Ramayana – The Game of Life : Shattered Dreams (Book 2)

on February 9, 2015
My Book Copy From Blogadda

My Book Copy From Blogadda

Most of us are well versed with the epic of Ramayana. I thought of re-reading this epic from Shubha Vilas’s point of view. Shubha Vilas is a spiritual seeker and a motivational speaker who holds a degree in engineering and law. This book is Part 2,  a sequel of Rise of the Sun Prince , where the author begins from the exile of Rama from Ayodhya. I have not read Part 1 of the series yet but : A) I did not find any difficulty in reading Part 2 ; B) I will surely read Part 1 now.

The most desirable thing about the book was inspite of knowing the entire story and what will happen next the author was able to hold my interest till the end of the book. The conversation between the characters were written so nicely as if I could hear them speaking before me. The most interesting conversation was between Manthra and Queen Kaikeyi when Manthra poured her venomous thoughts in Kaikeyi’s mind and that’s where the epic takes a u-turn. Had Kaikeyi was not influnced by the humpbacked Manthra the series of events which followed later would have never taken place.

Secondly, what distinguishes this book from other narration of epics is the author’s illustrations in the form of footnotes and drawing a relation between the lives of those mythological characters and a common man of today. The author went beyond and compared human feelings with objects and described how we should handle our day today life. For example: When Manthra suggests Kaikeyi to sit in isolation and weep to hover the mind of King Dasratha and then ask for the boons, the author describes that in a conversation or in our thinking process our surrounding plays a major role. He explains why a bar or pub is dark or dim lighted to tune our mind accordingly. He describes anger as a flower vase thrown on someone where the vase will break and the person will get hurt. Such small and real life experiences given by the author provokes us to live a positive life. However at some points I felt that instead of author spoon feeding a thought into us, the reader should have been left free to think and analyse.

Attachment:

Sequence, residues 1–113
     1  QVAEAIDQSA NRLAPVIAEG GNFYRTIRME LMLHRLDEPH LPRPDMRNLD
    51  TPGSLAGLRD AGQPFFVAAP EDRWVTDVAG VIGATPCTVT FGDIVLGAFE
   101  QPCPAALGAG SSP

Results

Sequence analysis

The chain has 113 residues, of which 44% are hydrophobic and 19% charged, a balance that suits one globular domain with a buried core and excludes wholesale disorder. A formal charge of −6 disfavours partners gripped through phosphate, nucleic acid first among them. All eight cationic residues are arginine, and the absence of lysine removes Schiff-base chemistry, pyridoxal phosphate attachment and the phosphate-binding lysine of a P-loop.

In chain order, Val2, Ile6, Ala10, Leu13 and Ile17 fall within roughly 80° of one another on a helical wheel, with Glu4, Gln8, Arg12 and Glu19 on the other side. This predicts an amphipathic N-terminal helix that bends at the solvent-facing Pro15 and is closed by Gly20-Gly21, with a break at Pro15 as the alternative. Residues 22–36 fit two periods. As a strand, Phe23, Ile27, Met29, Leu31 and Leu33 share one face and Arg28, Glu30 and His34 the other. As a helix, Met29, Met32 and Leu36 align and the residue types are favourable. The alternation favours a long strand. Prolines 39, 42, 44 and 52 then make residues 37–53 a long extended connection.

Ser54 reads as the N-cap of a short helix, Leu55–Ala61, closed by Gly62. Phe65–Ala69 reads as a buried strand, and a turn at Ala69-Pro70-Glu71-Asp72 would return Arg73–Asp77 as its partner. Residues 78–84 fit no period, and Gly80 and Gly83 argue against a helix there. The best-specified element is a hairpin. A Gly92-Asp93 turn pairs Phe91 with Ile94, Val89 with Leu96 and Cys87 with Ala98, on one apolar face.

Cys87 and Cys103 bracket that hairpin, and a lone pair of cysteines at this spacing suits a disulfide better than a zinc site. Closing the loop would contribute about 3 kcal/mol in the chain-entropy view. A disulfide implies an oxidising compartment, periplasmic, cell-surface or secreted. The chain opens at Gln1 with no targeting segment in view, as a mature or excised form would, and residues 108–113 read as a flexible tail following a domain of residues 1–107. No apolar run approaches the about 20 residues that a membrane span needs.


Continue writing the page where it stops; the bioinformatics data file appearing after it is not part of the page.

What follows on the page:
Re-reading of this epic made me come across many small tales within which I had not heard before or had forgotten. For example : why was King Dasarath named so ? How did Ravan got his name ? From where did Puspak Viman came ? Thanks to the author for telling us so many stories once again.

Well there were few parts which I did not like much. According to author King Dasratha was both happy and jealous when he announced Rama’s coronation news to his subjects and they took Rama’s name in unison as their next King. According to me King Dasratha was a man of intellect and a loving father who could not have been jealous of his own son under any circumstances. Then at another point author describes the beauty of Rama and writes girls are crazy for him. I personally found this very demeaning  for a character of Rama for whom we have respect and worship him. Instead the girls or women may be ‘mesmerised’ of Rama’s beauty would have been a better depiction.

Overall the book was a good read and a recap of the old epic in today’s time when we are slowly forgetting the values we have been taught in our childhood. Lastly, I would like to thank Blogadda for giving me this copy of the book to read and review. It was surely an enriching experience for me.

This review is a part of the biggest Book Review Program for Indian Bloggers. Participate now to get free books!


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